Gayle Steffy’s fascination with butterflies started when she was thirteen. She found her first monarch caterpillar, brought it home and raised it to adulthood. She’s been hooked ever since, collecting data on monarchs years before joining any of the established monarch citizen science projects. Despite her early interest, which eventually led her to acquire a BS in Environmental Studies, she didn’t initially envision where her work would take her. “I didn’t have a specific goal at the start – I just wanted to record everything I could about each monarch I caught, figuring I could look at it all later and see what it all meant,” she said.
Beginning in 1992, she caught, tagged, and released monarch butterflies in Pennsylvania during their annual migration to Mexico, and then recorded if any of the monarchs were later found at their Mexican overwintering sites. After 18 years of collecting migration data, Steffy accomplished something that not many citizen scientists have done before. In August this year, she published her work in a special monarch-themed issue of the Annals of the Entomological Society of America, a well-respected scholarly journal.
Citizen scientists are the backbone of many ecological research studies. They collect data frequent and geographically widespread data, and they often share projects results informally with others and recruit new volunteers to a project. However, there are some parts of scientific research with which citizen scientists seldom become involved –things like designing a project, conducting statistical analyses, and writing up research results for publication in a scientific journal. It’s even rarer that a citizen scientist undertakes all of these roles completely on their own, but that’s exactly what Gayle Steffy did.
Steffy’s results have intrigued professional scientists and members of the public alike. She found that monarchs that migrated earlier in the fall and those that used inland routes to do so were more likely to be recovered in Mexico, indicating a successful migration. Additionally, she found that monarchs that she collected from the wild as eggs of larvae and raised indoors were smaller and less likely to successfully migrate than wild monarchs that matured outdoors. This result has been of particular interest to monarch enthusiasts and scientists, as many people across the United States capture and rear monarchs inside for education or enjoyment.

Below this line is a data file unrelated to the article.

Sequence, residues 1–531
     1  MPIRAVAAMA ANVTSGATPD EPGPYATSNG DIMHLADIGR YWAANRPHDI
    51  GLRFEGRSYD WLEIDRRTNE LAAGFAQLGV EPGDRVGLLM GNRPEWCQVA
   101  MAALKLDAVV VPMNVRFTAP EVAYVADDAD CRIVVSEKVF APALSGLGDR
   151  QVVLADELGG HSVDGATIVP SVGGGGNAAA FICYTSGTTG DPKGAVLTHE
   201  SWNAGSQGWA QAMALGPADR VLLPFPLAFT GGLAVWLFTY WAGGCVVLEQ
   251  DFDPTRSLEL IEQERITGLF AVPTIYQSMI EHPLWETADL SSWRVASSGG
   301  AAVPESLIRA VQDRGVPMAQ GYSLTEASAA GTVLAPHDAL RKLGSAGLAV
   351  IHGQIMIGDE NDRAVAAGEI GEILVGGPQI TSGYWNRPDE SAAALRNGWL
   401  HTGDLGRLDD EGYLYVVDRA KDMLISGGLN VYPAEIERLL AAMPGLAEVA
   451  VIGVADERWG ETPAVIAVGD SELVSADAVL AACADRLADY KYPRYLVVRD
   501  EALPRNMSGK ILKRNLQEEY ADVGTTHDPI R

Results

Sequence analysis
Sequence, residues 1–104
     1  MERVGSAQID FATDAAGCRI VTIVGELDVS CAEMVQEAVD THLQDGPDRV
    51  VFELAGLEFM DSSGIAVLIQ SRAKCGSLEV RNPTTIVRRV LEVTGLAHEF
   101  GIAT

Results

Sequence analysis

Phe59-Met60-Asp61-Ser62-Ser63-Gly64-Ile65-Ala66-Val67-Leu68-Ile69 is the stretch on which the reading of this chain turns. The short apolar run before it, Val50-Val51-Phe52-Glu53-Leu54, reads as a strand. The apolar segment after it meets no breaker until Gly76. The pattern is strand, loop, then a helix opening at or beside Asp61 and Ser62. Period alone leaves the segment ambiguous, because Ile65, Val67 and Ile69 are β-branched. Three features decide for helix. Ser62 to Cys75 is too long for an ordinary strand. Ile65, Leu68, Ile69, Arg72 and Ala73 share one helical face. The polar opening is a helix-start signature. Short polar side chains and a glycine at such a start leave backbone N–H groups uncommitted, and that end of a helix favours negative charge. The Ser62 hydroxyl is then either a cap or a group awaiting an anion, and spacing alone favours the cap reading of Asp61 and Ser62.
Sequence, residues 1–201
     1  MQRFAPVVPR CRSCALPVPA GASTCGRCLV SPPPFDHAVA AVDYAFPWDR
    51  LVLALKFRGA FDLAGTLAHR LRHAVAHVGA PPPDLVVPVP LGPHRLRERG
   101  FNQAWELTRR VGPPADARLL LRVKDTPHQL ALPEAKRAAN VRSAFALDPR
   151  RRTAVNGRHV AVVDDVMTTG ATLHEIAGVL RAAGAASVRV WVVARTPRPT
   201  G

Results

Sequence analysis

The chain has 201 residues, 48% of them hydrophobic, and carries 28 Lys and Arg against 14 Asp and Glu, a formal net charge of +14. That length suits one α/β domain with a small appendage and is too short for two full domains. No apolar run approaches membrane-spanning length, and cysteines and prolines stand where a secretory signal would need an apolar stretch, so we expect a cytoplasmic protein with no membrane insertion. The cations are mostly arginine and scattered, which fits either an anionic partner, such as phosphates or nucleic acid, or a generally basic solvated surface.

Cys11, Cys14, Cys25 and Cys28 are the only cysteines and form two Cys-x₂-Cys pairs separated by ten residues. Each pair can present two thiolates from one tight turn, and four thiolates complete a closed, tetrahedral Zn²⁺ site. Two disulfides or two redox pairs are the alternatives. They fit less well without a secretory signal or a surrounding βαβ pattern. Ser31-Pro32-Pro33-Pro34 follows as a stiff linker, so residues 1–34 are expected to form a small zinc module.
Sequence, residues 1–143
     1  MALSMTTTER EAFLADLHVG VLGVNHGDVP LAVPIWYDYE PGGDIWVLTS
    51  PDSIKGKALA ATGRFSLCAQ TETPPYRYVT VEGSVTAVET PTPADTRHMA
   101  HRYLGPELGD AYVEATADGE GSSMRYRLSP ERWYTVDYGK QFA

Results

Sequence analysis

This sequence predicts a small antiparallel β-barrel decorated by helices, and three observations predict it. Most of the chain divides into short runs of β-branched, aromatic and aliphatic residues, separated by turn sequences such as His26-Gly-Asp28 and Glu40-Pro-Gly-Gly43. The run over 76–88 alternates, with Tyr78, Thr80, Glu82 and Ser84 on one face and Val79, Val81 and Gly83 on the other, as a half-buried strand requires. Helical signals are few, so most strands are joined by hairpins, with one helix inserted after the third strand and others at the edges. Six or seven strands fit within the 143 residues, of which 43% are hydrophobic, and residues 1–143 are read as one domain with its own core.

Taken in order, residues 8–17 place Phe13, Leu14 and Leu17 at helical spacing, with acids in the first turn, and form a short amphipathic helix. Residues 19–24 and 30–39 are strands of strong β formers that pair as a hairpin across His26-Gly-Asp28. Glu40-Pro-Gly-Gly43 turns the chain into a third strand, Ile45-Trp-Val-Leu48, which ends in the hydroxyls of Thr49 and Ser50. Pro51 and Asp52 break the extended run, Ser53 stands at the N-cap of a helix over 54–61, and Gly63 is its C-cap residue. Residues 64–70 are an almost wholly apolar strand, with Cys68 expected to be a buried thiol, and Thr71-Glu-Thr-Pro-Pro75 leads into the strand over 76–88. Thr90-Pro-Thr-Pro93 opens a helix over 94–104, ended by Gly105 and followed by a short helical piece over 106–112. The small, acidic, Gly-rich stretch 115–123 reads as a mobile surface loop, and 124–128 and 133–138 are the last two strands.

The work that Steffy did was completely independent and not associated with any project, but she has been a long-time contributor to many citizen science projects. She began joining monarch citizen science projects because she “realized that the only way we were going to figure out monarch migration was to pool a huge amount of data, and I wanted to be part of that,” she said. Since 1997, she has volunteered with the Monarch Larva Monitoring Project, which tracks the density of monarch larvae across the country and compiles data on rates of monarch parasitism, and in 1998 she began tagging monarchs for Monarch Watch.. Over the years, she has also volunteered with a project in New Jersey that tracks the fall monarch migration, called the Cape May Monarch Monitoring Project. And when a new citizen science project called Monarch Health began studying a common monarch disease in 2006, Steffy naturally stepped up.
The contacts she made through her participation in monarch citizen science projects proved useful when publishing her own research, as she was able to seek advice from professional scientists that she had met over the years. While their support was helpful, she still encountered a number of barriers throughout the process of analyzing and publishing her results as a citizen scientist. From finding time outside her fulltime job to work on the project, to accessing statistical software and costly journal articles for background research, Steffy had to overcome issues that aren’t normally present for researchers associated with a formal institution. “The publishing process was extremely difficult for me,” she said. “The system is definitely set up for people in academia. In fact, when I submitted my paper, the school and program you were affiliated with were mandatory fields. I had to write “see cover letter” in the blank. I wasn’t at all sure if they would take me seriously.”
However, her efforts were taken seriously and her hard work eventually paid off when her results were finally published. Steffy hopes that she’ll serve as an inspiration for other citizen scientists who want to follow in her footsteps. When asked what advice she might have for those who would like to conduct their own research and publish the results, she urged others like her to teach themselves the skills they need to do research, and said, “Just go for it! You don’t have to wait for a job doing what you love, you can do it anyway.”
Eva Lewandowski is a PhD candidate in the Conservation Biology Graduate Program at the University of Minnesota. She is part of the Monarch Lab, where she studies citizen science and conservation education.